Google, Facebook Face News Fees

John Lister's picture

Google and Facebook could have to pay a fee to show content from Australian news organizations. The proposed laws have upset not just the tech giants, but the United States government.

The Australian proposals follow a government investigation that concludes the two companies have too much control in the media market. It pointed to several regional newspapers closing and advertising revenue falling for publications at the same time Google and Facebook benefit from using news extracts on Google News and in Facebook posts.

No Surprise Algorithm Changes

Under the laws, Google and Facebook would have to negotiate fees with news providers to use extracts in this way. If the two sides couldn't settle on a price, an independent arbitrator would make a ruling. Failing to comply with the arbitrator's decision could lead to a fine of up to US$7.7 million. (Source:

With both the negotiation and the arbitration, the guidelines say any fee has to reflect not just the value Google and Facebook get from using the content, but also the value to the news provider of getting inbound links from readers who click through to their site to see the full story.

The proposed law would also mean Google and Facebook would have to warn news providers 14 days in advance before changing their algorithms in a way that would impact their business.

US Warns Of Trade Deal Problems

The government is now consulting on the proposals and has received a submission from the United States government strongly opposing the idea. The US makes four key arguments against the law:

  • Despite being an Australian law, it exclusively targets two American companies.
  • The Australian government hasn't proven any existing laws have been broken.
  • The guidelines take into account the costs to news providers in producing content but not the costs to Facebook and Google of running their own sites.
  • The guidelines allow smaller media companies to work together on collective bargaining, something the US says is against "broadly accepted competition principles."

The US government also warns that letting an arbitrator make a binding decision on the fees would violate a clause in a US-Australia trade deal that says companies have the right to appeal against "administrative or bureaucratic decisions." (Source:

What's Your Opinion?

Should this be a legal matter? Do Google and Facebook have a moral duty to pay for using extracts of news stories on their sites? Is their a fair way to calculate such fees?

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Average: 5 (6 votes)


Dennis Faas's picture

The idea that Google and Facebook have to pay a fee to link to certain news sites is ridiculous.

A similar example to this is sites that incorporate "paywalls" - you either get part of an article and the site asks for a paid subscription, or you get X free articles and then the site asks for a paid subscription to keep reading more content.

One way around that is to search for the same story from another site that doesn't have a paywall. The exact same thing can be done to these Australian sites that are demanding a fee for their content. The fact is, once news breaks it tends not to be unique anymore and a bunch of other sites end up stealing the bulk of information from the original. There are no laws against paraphrasing and citing sources, last I checked.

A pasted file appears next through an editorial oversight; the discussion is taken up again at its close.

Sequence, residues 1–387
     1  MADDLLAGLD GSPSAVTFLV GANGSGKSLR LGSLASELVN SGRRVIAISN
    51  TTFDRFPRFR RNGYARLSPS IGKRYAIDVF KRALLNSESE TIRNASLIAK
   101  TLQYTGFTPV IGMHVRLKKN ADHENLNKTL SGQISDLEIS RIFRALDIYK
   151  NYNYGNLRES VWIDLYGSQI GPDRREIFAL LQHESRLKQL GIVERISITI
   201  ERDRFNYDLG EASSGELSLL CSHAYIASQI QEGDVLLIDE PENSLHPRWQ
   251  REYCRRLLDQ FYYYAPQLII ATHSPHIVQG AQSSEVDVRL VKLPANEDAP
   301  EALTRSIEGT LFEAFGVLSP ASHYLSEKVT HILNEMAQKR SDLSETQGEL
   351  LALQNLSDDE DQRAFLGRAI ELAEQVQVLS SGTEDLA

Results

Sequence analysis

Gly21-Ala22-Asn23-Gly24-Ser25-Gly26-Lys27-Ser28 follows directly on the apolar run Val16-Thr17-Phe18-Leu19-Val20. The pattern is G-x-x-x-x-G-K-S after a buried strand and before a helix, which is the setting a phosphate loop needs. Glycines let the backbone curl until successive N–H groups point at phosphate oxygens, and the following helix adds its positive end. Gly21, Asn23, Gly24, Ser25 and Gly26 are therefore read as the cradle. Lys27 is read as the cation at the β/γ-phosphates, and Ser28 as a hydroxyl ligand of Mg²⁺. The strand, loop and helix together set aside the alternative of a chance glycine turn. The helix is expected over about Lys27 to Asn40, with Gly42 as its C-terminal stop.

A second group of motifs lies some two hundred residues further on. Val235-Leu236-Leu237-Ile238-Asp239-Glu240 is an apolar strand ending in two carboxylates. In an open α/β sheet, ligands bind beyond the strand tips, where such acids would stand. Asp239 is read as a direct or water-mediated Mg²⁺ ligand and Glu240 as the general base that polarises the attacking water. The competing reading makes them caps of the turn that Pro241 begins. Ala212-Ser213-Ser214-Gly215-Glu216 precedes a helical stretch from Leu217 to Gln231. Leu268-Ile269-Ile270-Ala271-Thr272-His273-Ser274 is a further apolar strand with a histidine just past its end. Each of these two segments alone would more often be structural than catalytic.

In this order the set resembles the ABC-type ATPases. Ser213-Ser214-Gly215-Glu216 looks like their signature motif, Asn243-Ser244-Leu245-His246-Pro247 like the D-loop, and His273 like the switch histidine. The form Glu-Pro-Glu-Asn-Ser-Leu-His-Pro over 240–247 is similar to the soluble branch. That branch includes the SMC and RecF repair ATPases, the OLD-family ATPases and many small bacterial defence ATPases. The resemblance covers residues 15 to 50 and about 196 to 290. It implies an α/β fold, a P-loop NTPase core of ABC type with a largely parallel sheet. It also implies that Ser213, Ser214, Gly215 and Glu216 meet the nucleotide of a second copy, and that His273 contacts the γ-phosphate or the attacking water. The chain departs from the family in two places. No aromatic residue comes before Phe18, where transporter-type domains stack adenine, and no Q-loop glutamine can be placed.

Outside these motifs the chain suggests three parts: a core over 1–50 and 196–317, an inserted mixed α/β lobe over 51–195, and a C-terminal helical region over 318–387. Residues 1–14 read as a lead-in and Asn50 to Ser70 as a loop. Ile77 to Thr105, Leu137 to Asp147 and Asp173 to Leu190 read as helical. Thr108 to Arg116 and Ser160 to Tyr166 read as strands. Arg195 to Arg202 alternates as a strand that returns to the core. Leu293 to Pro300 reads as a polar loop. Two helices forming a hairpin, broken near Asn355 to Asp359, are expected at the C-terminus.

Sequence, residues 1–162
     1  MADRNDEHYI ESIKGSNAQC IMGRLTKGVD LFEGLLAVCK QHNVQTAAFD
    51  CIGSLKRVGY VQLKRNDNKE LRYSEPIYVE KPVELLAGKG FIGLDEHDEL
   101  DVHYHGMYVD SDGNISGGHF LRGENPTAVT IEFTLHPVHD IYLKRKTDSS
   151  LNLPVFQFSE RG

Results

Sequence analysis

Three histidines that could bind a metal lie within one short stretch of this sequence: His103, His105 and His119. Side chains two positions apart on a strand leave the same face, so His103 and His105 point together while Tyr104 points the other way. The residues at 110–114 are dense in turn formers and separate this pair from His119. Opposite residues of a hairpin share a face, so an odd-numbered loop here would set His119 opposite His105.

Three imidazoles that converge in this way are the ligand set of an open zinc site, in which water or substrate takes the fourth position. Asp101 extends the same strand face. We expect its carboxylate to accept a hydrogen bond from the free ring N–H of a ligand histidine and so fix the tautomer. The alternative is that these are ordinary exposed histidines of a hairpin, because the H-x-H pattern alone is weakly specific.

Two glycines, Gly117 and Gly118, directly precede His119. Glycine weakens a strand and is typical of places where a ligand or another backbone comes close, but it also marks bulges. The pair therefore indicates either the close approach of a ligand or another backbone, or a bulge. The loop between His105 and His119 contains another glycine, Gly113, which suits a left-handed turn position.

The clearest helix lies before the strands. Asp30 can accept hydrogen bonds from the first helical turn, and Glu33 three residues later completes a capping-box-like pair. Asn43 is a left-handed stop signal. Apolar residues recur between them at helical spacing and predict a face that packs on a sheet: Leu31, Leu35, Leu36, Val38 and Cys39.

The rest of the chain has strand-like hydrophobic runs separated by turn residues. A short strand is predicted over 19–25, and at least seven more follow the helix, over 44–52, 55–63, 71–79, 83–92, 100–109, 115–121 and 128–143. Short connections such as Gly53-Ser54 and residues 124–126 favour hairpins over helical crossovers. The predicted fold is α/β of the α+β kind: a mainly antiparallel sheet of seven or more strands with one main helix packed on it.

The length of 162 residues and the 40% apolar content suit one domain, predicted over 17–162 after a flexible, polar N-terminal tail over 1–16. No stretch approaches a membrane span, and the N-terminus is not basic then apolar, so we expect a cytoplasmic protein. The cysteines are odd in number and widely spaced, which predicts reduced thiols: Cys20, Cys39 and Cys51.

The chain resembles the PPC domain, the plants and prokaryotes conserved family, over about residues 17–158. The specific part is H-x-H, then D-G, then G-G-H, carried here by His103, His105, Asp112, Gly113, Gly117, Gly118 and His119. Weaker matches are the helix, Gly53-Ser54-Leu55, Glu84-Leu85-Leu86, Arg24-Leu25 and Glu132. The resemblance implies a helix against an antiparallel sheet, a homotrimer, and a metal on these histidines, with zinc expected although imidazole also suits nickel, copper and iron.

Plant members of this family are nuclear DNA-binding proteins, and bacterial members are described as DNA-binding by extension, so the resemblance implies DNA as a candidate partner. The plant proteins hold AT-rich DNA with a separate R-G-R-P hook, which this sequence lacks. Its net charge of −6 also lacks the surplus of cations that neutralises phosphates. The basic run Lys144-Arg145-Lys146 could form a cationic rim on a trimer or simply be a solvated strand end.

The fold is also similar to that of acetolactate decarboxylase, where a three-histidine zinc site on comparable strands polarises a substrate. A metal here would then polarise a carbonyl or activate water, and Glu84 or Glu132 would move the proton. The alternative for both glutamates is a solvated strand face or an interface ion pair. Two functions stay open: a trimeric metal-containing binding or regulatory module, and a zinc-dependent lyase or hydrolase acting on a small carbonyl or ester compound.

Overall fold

I understand some people are willing to pay the premium for breaking stories and to support specific organizations, but the truth is that most people believe everything on the Internet is free and refuse to pay for much of anything, let alone news - even if it's paraphrased.

buzzallnight's picture

Install all the browsers you can
when you hit the free article limit
copy the link into a different browser
They think you are a different user!!!!!!
you may have to log in again if it is a site that uses logins.
So you start with IE 11
switch to chrome
switch to edge
that is usually enough for me but
you could switch to Mosilla
switch to opera
switch to safari
switch to brave


e5chultz_3890's picture

Still trying to sell buggy whips. News (information actually) sharing businesses have just become economically viable with the advent of the Internet. Originators of media disregard the fact that any embedded advertising goes with the news Only when viewed on the original site.

doulosg's picture

Don't Google and Facebook make money by extracting this information from another site? If they aren't willing to pay for that access, isn't that essentially stealing? Google has monetized the flow of information; this sounds like their own ideas are being turned back on them, and turnabout has always been fair play.

russoule's picture

so if I copy an article from Forbes and post it on my Facebook page, is Forbes entitled to come after me for "copywrite infringement"? yes, because the Forbes site very explicitly says it is "copywrited material". shouldn't the Big Boys be subject to the same rules?

what would happen to Dennis if he posted an article from Tech Times without permission? he would be told to take it down. there is no difference just because Google and Facebook are big.

America has always recognized that what comes out of a person's brain is unique to that person and that person has a right to control how and when it is used. I might think Froma Harren is an illogical and notorious liberal, but I defend her right to keep her thoughts as her own and to NOT allow Facebook to post them just because they were displayed in a newspaper.

go get 'em, Australia.